‘La Belle Province’, or ‘The Beautiful Province’ as even those with merely a vague recollection of their Leaving-cert French will doubtless be able to translate, has a double seasonal hook to hang your holidays on. In Winter Mt. Tremblant, the Whistler of the East, offers a ski resort that combines old-world European ambience with no-nonsense top-class North American standards of service. In summer it’s a sizzling 35 degrees as Tommy Tiernan et al take the stage during Montreal’s ‘Just for Laughs Festival’, can Kilkenny say the same?
Quebec was once the major destination for ships from Derry Quay
poster advertising the pending departure of the ‘superior’ June 28, 1847
Today that mystery has lessened; the ‘quiet revolution’ of the 1960’s has seen the Catholic Church lose its once all-encompassing influence on society and a no-longer inward-looking ‘La belle province’ or ‘the beautiful province’ – which even those of you without so much as a smattering of French will surely have been able to translate – is quite simply an essential stop on any avid travellers North American itinerary; or indeed on its own as a week- long getaway destination. Quebec’s 7 million francophone population boasts up to 40% with Irish Ancestry, they are as friendly a people as anywhere back home in Ireland.
Up close and personal with the locals in Quebec
because an electrifying, heavily accented form of French is the mother tongue of over 70% of its proud ‘habitants’, in fact it’s the perfect place to practise your Leaving-cert French and not be afraid of sounding daft, as the local accent is far from Parisian, though you can dispel any language barrier concerns immediately, remarkably almost everyone has a refreshing and inspiring grasp of both French and English, a wonderful lesson in bilingualism, among regular everyday people, that surely we Irish could learn from?
As one might expect, the cuisine in the restaurants is simply fantastic; and long, relaxed meals of many courses in good company with copious amounts of imported French red wine and the sweet local ice-wine, are the norm here; that being said this is still North America and the most popular local dish is ‘poutine’, a generous helping of greasy fries, lavished with thick gravy and topped off with a sprinkling of yummy cheese curds. And for those of you with a sweet tooth, many Quebecers live for their sugar shacks and maple syrup, one of their biggest exports, which they tap from the Maple trees every spring just as the First Nation tribes taught their French-colonist ancestors five centuries before.
This may well have been the last time everything was rosy between the two however, tension is sometimes tangible between the Mowhawk (who were historical allies of the British red-coats and are today Anglophone) and the French-Canadian and as with everywhere else on the continent, the native population in Quebec have been reduced to a shadow of its former self, however there are some very interesting Mohawk and other Iroquois First Nation reserves, cultural centres and archaeological sites within close proximity that are well worth the visit for any discerning traveller.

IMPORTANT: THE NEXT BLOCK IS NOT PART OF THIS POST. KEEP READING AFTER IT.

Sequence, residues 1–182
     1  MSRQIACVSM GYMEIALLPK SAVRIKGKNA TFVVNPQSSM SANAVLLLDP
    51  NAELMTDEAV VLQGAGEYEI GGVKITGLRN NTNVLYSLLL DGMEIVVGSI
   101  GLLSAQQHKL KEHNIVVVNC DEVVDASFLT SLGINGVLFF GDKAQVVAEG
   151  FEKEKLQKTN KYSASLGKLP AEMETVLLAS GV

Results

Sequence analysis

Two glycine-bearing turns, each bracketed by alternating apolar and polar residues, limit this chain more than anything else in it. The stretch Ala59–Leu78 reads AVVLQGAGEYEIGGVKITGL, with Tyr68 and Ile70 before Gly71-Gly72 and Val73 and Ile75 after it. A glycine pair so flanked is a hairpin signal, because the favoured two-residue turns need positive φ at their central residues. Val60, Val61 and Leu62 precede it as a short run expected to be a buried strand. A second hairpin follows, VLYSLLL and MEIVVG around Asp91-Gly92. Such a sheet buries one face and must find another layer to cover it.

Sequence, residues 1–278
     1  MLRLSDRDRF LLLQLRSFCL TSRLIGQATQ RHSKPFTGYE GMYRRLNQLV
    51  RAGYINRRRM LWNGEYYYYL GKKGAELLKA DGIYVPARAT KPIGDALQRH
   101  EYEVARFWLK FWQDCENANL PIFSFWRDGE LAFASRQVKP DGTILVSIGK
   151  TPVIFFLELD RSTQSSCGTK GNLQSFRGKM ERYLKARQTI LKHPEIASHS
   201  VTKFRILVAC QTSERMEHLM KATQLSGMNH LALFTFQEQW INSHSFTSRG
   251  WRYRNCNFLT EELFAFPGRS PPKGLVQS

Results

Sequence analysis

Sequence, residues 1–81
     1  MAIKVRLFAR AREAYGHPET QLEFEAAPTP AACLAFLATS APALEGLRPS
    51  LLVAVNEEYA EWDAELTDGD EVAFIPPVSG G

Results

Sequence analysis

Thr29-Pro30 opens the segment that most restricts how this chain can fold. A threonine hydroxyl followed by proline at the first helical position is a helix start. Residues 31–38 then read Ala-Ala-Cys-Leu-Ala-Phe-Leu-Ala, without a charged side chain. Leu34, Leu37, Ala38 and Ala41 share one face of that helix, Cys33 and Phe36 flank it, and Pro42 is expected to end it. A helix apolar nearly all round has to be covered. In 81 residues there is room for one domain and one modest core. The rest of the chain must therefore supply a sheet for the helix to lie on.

Accommodation-wise there’s a massive selection of fine Hostels and hotels to chose from in both of Quebec’s big cities, everything from the homely ‘Hostelling International’ to the sleek ‘Jazz in Montreal’. For those wishing to splurge a little, the ‘Queen Elizabeth’ Hotel downtown is worth checking out, you might be lucky enough to get suite 1738, scene of John Lennon and Yoko’s ‘bed-in for peace’ in 1969 and where ‘Give peace a chance’ was performed for the first time. Should you wish to break from the urban, Mt. Tremblant resort is 1.5 hours away by car. Tremblant is quintessential ski playground of the stars – albeit in a very non-pretentious manner – perhaps best exemplified by the tragic fatal accident of our own Liam Neeson’s wife Natasha Richardson. Mt. Tremblant is Canada’s mirror image of the more famous Whistler resort, way out west; and its fine winter ski slopes become excellent hiking and biking trails come summer.
Names of Irish cholera victims buried at Grosse Isle
Personally, the immediate striking feature of Quebec – aside from the refreshing and inspiring high-levels of bilingualism among regular everyday people – was that despite being quintessentially Canadian in some ways, my eyes were opened by just how unlike the rest of Canada it is, in fact literally so, for as recently as 1995, 49.4% of the population voted ‘Yes’ (or rather ‘Oui’) in a referendum, to break-away from Canada altogether and to form their own completely independent country! This writer – a former political science student -recently enjoyed quite the buzz as I roamed on foot through the lively and hip St. Denis area of downtown Montreal; passing architecturally unique urban town-houses, most of which have their sun-drenched balconies identically adorned with the blue and white Fleur de Lys ‘National’ Flag of Quebec and the wistful banner proclaiming ‘Quebec, un nouveau payee pour le monde’ – Quebec, a new country for the world! Nationalist politics is never far from the surface; however if truth be told, most street conversations I encountered were focused more on the most prevalent burning issue – Ice Hockey – and the performance, or lack thereof, of their adored Montreal Canadiens, the most successful franchise ever in the NHL and founded by an Irishman John Ambrose O’Brien!